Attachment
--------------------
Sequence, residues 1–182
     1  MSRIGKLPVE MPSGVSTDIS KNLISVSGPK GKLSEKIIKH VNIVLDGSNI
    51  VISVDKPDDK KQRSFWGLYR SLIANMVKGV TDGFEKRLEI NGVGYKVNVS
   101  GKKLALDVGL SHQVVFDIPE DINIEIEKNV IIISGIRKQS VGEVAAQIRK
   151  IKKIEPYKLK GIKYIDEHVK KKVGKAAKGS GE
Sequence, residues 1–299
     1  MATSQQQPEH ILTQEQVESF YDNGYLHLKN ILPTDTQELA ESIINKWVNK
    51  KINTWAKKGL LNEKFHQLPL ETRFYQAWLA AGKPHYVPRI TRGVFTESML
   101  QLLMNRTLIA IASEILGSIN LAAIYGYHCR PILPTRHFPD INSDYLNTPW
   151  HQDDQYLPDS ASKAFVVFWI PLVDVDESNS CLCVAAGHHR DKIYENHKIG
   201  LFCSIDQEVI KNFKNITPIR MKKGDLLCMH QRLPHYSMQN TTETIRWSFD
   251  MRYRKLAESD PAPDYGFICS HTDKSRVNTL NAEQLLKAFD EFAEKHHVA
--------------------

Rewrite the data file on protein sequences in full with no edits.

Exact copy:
Sequence, residues 1–182
     1  MSRIGKLPVE MPSGVSTDIS KNLISVSGPK GKLSEKIIKH VNIVLDGSNI
    51  VISVDKPDDK KQRSFWGLYR SLIANMVKGV TDGFEKRLEI NGVGYKVNVS
   101  GKKLALDVGL SHQVVFDIPE DINIEIEKNV IIISGIRKQS VGEVAAQIRK
   151  IKKIEPYKLK GIKYIDEHVK KKVGKAAKGS GE
Sequence, residues 1–299
     1  MATSQQQPEH ILTQEQVESF YDNGYLHLKN ILPTDTQELA ESIINKWVNK
    51  KINTWAKKGL LNEKFHQLPL ETRFYQAWLA AGKPHYVPRI TRGVFTESML
   101  QLLMNRTLIA IASEILGSIN LAAIYGYHCR PILPTRHFPD INSDYLNTPW
   151  HQDDQYLPDS ASKAFVVFWI PLVDVDESNS CLCVAAGHHR DKIYENHKIG
   201  LFCSIDQEVI KNFKNITPIR MKKGDLLCMH QRLPHYSMQN TTETIRWSFD
   251  MRYRKLAESD PAPDYGFICS HTDKSRVNTL NAEQLLKAFD EFAEKHHVA